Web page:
Policy reforms that expand legal grounds for abortion may allow girls and young women to stay in school longer by offering the option to delay marriage and parenting responsibilities, but such high-level policy changes alone might not empower women and girls to pursue their education goals due to institutional barriers or lack of access to health services. Using the Demographic and Health Survey data from 18 countries, this study analyzes whether the liberalization of abortion laws was associated with increased schooling among girls and young women through delaying marriage and childbearing during the period 1996 to 2015. Preliminary results suggest that while abortion laws did not affect schooling, expanded grounds for abortion were associated with a 9% decrease in marriage and births and the effects were stronger among the very young girls. These findings highlight the importance of reproductive health policies to women’s and girls’ development potential in low-resource settings.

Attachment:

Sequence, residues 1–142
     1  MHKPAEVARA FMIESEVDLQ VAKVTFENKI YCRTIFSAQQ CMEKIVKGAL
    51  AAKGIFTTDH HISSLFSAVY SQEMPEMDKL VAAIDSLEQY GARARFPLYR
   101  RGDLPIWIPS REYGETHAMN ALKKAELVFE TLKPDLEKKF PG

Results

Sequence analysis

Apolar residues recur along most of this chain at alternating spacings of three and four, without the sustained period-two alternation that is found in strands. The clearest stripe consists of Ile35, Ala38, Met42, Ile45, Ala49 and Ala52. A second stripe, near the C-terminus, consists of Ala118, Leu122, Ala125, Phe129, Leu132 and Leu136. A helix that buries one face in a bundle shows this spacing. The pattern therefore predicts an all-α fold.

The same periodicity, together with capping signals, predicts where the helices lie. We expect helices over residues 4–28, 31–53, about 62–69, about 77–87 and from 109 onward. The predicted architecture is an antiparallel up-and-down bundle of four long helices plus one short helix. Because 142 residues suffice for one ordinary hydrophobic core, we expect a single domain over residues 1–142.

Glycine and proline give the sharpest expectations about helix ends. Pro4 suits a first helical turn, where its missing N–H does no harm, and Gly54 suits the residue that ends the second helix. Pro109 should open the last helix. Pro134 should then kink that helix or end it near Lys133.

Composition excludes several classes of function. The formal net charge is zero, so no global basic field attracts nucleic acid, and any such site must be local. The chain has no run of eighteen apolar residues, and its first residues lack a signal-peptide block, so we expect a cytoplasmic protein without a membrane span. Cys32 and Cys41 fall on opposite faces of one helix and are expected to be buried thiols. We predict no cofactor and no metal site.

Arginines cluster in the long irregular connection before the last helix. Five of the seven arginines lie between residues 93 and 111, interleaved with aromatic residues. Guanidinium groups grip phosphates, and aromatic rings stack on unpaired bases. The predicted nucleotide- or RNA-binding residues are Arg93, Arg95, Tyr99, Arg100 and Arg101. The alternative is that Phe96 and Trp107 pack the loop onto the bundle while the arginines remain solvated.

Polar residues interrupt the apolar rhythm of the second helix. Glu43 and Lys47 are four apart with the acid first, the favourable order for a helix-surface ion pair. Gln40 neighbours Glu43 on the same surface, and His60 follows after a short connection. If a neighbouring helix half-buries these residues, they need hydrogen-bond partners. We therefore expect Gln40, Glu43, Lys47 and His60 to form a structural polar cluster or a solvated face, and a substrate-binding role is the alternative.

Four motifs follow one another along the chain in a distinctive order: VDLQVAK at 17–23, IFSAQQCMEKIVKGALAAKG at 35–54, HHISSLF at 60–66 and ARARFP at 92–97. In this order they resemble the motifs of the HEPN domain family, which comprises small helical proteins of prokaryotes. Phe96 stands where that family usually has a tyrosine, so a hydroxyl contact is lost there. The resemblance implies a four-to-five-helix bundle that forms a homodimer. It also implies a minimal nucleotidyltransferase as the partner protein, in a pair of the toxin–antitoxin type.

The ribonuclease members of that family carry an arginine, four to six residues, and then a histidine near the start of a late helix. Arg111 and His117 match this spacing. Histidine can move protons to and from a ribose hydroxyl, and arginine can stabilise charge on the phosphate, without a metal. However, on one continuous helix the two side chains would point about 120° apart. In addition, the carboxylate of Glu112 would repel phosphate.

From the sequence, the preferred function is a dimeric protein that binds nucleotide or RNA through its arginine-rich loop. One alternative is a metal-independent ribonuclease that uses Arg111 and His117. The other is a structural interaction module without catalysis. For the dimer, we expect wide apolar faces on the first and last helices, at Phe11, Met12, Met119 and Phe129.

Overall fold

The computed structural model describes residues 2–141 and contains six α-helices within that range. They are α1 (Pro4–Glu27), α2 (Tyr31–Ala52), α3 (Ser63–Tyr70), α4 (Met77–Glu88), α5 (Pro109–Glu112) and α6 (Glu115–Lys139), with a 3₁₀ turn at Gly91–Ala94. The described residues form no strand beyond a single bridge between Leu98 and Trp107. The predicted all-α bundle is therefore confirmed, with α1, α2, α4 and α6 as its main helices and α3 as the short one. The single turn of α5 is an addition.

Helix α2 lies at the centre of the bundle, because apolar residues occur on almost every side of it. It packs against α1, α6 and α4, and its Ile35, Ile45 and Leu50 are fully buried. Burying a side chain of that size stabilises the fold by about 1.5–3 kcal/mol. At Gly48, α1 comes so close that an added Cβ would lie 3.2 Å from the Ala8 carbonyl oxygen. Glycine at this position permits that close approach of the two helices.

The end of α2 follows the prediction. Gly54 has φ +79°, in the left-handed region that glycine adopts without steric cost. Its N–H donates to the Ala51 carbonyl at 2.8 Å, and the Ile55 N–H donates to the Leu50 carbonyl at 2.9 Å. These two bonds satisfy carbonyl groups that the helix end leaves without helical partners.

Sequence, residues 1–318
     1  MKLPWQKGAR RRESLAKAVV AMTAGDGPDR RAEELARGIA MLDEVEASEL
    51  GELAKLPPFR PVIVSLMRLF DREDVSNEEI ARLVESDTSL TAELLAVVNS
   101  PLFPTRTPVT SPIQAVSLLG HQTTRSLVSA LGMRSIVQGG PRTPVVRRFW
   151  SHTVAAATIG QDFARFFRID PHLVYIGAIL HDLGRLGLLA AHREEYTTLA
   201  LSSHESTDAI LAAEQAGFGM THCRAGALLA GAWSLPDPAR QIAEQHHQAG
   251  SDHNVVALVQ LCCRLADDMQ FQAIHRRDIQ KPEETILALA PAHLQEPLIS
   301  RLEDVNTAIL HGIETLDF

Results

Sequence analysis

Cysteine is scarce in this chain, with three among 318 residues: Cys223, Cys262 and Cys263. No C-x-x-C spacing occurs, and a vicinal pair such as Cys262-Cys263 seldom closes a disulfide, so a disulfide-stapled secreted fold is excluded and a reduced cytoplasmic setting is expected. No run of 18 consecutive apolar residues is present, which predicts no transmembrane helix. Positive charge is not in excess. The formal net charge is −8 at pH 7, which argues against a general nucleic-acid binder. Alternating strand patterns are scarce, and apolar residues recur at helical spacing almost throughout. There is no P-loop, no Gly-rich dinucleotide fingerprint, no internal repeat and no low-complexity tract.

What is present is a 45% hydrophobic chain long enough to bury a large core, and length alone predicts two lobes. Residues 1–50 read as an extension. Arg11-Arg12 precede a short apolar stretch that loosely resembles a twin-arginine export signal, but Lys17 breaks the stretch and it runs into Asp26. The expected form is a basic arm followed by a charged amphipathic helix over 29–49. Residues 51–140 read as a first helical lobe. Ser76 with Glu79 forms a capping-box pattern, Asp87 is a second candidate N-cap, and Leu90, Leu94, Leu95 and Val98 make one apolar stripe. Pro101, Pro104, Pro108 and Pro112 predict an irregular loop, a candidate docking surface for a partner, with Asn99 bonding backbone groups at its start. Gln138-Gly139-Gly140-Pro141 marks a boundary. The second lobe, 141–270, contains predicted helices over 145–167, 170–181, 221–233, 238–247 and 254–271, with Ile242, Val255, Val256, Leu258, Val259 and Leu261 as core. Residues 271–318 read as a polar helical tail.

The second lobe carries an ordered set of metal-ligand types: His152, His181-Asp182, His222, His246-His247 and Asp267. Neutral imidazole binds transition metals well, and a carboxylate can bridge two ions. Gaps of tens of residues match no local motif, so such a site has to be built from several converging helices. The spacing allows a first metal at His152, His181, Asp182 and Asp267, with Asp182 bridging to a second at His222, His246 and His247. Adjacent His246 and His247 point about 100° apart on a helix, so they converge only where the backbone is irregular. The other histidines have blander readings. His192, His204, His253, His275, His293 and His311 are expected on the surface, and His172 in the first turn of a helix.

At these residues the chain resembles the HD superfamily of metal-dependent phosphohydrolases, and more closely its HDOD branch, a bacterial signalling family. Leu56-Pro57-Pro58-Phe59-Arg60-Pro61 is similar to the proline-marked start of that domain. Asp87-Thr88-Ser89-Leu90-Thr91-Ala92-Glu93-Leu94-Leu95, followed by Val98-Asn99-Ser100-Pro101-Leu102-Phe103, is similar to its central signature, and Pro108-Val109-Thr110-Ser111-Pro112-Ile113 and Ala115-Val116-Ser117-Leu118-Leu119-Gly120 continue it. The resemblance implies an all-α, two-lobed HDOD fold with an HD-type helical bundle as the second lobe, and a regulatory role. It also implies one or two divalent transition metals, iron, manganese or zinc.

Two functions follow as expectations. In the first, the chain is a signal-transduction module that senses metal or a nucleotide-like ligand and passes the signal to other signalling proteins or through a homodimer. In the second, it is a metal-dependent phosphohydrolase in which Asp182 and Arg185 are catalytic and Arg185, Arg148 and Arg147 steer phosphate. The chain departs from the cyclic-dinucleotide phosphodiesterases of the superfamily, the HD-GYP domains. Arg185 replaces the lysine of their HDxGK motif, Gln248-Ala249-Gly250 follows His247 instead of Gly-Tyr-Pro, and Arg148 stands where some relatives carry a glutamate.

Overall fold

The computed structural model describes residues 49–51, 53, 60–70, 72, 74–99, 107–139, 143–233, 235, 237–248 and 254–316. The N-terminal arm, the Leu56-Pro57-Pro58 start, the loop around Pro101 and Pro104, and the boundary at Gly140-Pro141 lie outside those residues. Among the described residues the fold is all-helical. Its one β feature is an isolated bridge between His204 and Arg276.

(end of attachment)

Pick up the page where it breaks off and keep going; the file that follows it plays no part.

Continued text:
Presented in Session 48. Policies on Gender and Reproductive Health and its impacts on population trends